ISSUE
               
Celebrating Our Community
Joanna Kozloska, '12, Dental Hygiene Program: A Passion for Educating Others Equals a Career in Dental Hygiene
- Stephanie Susnjara


Joanna Kozloska, AAS '12




When she first applied to NYU's dental hygiene program, Joanna Kozloska, '12, AAS in Dental Hygiene, worried that she might not get in. "But then I got the call from Professor Lisa Stefanou who said, 'It would be an honor to have you,'" explained the 24-year-old from Bayside, Queens. "So I enrolled right away, and have been completely in love ever since. I love interacting with the dental students. I love caring for and educating patients. I love both the dental faculty and the hygiene faculty, who are all so helpful and wonderful."

Joanna's bubbly enthusiasm is surpassed only by her dedication to the field and her drive to succeed.

"Sometimes you can just see leadership qualities," said Winnie Furnari, clinical assistant professor of dental hygiene, who first met Joanna during her pre-clinical studies. "She's articulate in her speech and in her studies. She interacts well with colleagues and classmates. And she demonstrates a scientific mind."

Professor Furnari encouraged Joanna to enter an essay competition offered by the American Dental Hygienists' Association (ADHA), the nation's largest professional organization for dental hygienists, whose mission is to advance the art and science of dental hygiene, and to promote the highest standards of education and practice in the profession. The topic of the essay was, "How does ADHA membership benefit students?"

Joanna entered the competition and won. She served as Student Delegate, along with a Student Alternate Delegate, representing the ADHA's District II region (New York, New Jersey, Connecticut, and Pennsylvania) at the organization's 88th Annual Session, which was held in June in Nashville, Tennessee. Along with the other student members selected as delegates, Joanna represented the ADHA student membership and attended the House of Delegates sessions along with other scheduled events.

"I would never have pursued this if it hadn't been for Professor Furnari," said Joanna. "We voted on legislation and got an insider's view of the future of dental hygiene. It was a very exciting learning experience."

"This is really a big commitment," said Professor Furnari. "Joanna had a lot of information to absorb. I'm looking forward to her sharing everything she has learned so that other students can benefit from her experience. It really makes an impact when they hear about such an event directly from one of their peers."

Before Joanna knew she wanted to be a dental hygienist, she knew she wanted to be a teacher. She began her college career studying education at Queens College. "But I couldn't figure out what I wanted to teach." It was after she began working as an assistant in a local dental office that her career aspirations began to come together. "From assisting, I knew that education was a key part of being a hygienist. So I knew I wanted to become a dental hygienist."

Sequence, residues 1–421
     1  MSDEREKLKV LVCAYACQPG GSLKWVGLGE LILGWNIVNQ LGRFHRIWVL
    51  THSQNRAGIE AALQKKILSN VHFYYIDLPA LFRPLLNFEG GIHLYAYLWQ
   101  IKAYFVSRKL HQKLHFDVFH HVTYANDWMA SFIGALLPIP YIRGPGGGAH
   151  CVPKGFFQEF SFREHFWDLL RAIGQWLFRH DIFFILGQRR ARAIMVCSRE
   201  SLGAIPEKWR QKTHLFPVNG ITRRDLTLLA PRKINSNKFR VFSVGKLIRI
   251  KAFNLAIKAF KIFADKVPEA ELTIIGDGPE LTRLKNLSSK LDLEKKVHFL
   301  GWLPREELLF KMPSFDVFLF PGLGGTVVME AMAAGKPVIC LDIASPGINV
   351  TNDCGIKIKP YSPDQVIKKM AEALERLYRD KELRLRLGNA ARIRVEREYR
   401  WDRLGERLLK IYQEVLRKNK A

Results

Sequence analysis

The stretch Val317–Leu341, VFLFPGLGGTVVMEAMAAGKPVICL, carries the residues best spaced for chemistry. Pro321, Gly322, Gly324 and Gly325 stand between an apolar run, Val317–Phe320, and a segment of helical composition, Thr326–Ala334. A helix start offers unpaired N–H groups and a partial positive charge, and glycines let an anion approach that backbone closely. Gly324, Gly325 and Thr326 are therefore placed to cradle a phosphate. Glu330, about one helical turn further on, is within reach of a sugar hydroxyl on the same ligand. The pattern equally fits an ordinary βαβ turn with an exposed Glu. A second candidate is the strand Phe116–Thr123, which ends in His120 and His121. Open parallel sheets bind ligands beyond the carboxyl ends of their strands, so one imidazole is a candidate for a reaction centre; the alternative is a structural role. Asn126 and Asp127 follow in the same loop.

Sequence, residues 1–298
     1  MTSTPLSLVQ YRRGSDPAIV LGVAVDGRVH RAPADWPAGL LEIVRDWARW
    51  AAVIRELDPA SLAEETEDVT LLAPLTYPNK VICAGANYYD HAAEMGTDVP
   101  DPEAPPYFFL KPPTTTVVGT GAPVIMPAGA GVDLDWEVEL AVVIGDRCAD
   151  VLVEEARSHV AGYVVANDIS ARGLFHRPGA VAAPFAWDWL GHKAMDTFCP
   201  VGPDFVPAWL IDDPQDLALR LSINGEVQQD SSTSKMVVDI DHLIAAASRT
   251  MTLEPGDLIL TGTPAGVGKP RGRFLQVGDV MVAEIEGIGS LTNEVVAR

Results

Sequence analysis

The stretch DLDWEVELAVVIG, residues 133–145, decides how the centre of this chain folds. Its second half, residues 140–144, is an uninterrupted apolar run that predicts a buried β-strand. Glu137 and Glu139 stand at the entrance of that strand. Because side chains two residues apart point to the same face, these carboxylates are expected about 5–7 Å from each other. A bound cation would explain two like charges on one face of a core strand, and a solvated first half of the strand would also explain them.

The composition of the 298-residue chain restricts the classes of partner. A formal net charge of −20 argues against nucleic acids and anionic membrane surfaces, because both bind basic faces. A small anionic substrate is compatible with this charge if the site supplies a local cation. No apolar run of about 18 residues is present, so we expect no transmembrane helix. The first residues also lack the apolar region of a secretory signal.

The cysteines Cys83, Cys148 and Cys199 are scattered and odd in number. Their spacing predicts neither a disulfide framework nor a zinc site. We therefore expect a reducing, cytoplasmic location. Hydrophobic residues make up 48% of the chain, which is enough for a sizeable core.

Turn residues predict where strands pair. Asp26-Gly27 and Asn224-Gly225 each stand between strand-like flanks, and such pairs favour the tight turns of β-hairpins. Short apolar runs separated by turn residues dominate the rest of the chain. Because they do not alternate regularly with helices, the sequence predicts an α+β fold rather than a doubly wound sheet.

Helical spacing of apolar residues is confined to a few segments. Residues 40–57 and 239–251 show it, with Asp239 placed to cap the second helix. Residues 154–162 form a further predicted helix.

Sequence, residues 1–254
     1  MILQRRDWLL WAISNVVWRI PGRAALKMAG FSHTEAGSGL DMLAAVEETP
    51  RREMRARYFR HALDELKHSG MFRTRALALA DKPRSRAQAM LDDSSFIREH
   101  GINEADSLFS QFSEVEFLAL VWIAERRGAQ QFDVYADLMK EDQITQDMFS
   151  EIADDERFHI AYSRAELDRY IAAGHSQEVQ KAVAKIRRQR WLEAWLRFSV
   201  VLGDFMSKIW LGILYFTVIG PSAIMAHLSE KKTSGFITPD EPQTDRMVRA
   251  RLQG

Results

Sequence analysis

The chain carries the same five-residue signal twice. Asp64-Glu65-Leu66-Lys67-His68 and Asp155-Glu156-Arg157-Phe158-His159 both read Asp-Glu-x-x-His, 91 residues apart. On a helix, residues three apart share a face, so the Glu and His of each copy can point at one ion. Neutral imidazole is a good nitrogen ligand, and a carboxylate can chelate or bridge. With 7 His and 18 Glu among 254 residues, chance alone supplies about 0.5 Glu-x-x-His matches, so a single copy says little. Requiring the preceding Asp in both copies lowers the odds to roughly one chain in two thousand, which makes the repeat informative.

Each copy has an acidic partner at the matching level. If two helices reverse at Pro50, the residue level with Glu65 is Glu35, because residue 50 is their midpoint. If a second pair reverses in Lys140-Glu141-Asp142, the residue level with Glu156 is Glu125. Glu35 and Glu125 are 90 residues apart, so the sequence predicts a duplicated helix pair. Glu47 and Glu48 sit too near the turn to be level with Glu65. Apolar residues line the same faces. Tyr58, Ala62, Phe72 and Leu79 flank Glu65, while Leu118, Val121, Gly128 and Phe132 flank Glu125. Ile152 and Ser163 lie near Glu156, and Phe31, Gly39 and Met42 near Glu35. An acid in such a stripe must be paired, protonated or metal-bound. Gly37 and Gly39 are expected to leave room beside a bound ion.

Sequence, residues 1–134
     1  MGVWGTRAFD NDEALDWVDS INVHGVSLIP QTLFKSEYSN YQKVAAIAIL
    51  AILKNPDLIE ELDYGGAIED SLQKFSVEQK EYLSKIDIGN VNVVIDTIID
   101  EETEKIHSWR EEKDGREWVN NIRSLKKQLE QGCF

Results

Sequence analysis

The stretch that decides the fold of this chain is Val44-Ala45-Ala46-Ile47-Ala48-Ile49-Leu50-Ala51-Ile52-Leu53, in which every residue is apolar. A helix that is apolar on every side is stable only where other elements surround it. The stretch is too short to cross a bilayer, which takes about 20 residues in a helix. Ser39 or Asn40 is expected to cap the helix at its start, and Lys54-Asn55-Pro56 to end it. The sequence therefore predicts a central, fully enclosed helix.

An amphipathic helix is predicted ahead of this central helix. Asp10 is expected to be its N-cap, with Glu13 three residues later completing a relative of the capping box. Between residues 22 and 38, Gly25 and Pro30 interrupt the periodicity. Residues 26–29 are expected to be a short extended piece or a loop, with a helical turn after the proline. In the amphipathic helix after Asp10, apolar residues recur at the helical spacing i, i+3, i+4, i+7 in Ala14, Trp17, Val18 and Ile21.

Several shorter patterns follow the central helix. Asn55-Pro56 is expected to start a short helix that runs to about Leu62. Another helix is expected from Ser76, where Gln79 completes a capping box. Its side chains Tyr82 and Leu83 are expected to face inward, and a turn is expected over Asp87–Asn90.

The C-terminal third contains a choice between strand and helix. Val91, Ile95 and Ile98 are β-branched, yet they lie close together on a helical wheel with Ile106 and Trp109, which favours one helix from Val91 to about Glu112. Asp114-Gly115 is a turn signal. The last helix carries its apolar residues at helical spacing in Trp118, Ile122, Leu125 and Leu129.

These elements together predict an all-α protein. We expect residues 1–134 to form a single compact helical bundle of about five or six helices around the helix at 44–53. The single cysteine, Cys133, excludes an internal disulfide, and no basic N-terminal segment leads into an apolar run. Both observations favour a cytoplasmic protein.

Following graduation, Joanna hopes to get a job immediately working in a general dental practice and then possibly transition to a practice specializing in periodontics or pediatric dentistry. "I really enjoy teaching patients how to keep their oral cavity healthy. Each person is an individual and should have their own homecare regime-they may have to incorporate using a water pick if they have pocket depth, or they may have to use a fluoride rinse, for example." She also hopes to be actively involved in the ADHA, and would like to volunteer as well.

Joanna recalled one of her early patients at NYUCD, a man in his 40s, taking the suction tube out of his mouth. He looked her in the eye and pointing a finger at her, said, "I've had a lot of people clean my teeth. You, you're going to be a good one."

"I see her as having a great future," said Professor Furnari, echoing that patient's prediction.

STEPHANIE SUSNJARA

An Excerpt from Joanna Kozloska's Prize-Winning Submission to the 2011 ADHA Essay Competition

"Student membership in the ADHA is one of the primary connections between a student and the dental hygiene profession. Membership is a means of communicating ideas, building relationships, and developing a professional identity for our future. There are numerous tangible and intangible benefits that our professional association offers to its members. Students can appreciate that ADHA enhances our education with offerings such as board review, education courses, publication opportunities, and evidence-based research. Empowering future hygienists, supporting our community, and developing new and qualified educators shapes our future."